KANSAS CITY, Mo. — Some people are calling for a Kansas City firefighter-in-training to be fired from the department.
It comes after the cadet allegedly placed a rope around the neck of another cadet, which they said is symbolic of a noose, during a training exercise at the academy.
KC EFFECT is a local chapter of the International Association of Black Professional Firefighters. In a letter released Wednesday, the organization described the alleged incident that happened nearly a month ago. EFFECT said the incident happened in front of other cadets and staff.
The organization claims the cadet said it was “a joke,” and staff addressed the situation by reviewing its equal employment opportunity policy.
Just this month, the Kansas City Fire Department issued a new equal employment opportunity policy. FOX4 obtained a copy of the letter sent to the department by KC Fire Chief Gary Reese.
The biggest policy change includes adding additional reporting options for supervisors. Now, supervisors can go directly to the labor and employee relations division, without needing to first go through the EEO Commission.
In short, it provides a more clear channel for supervisors to report violations.
FOX4 spoke with the Midwest chapter president of the International Association of Black Professional Firefighters. He said the policy change is a step in the right direction, but it doesn’t go far enough.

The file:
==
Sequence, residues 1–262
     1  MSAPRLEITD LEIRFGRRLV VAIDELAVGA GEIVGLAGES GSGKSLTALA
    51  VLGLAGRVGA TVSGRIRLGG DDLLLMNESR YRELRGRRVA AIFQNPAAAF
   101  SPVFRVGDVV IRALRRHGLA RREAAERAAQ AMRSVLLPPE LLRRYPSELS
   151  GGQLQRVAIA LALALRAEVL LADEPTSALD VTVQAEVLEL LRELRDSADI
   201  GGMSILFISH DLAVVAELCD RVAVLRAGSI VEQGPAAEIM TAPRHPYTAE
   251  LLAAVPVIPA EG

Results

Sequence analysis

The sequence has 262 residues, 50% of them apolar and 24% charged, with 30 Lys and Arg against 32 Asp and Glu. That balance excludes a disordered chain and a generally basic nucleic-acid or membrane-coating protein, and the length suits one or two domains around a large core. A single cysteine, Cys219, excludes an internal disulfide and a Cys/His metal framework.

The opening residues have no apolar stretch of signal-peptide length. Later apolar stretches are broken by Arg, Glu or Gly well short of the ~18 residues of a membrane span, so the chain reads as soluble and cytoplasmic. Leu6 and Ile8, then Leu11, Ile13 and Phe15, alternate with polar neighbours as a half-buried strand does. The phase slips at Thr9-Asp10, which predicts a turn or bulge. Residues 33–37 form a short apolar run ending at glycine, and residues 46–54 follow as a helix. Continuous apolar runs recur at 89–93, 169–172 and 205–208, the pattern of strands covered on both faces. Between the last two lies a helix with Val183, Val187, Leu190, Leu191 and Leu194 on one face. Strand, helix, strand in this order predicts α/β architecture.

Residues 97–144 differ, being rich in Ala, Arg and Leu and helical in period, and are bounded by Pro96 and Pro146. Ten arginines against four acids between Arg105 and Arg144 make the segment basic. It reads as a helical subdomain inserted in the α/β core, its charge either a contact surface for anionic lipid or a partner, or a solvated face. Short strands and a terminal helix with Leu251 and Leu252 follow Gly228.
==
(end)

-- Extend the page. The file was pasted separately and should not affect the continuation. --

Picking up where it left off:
“When you are talking about placing a noose around someones neck in 2019, it should not be happening. It is unacceptable, and anyone who does it should be disciplined harshly,” Addington Stewart said.
In a statement sent to FOX4, a spokesperson for the Kansas City Fire Department released the following statement:
“While we cannot comment about specific personnel issues or investigations, it’s important to note that the City of Kansas City and KC Fire strive to provide a workplace that values everyone, of every background. We prohibit discrimination and harassment of city employees or by city employees, and it will not be tolerated in the workplace.
“The city provides diversity and harassment training and retraining every 2-3 years. In the most recent round of training 90% of Fire Department employees completed that training session. This training includes all full-time, part-time, seasonal and contract employees. New employees go through this same training course as part of their orientation when they are brought on-board.”
The investigation is expected to wrap up in the next week or two.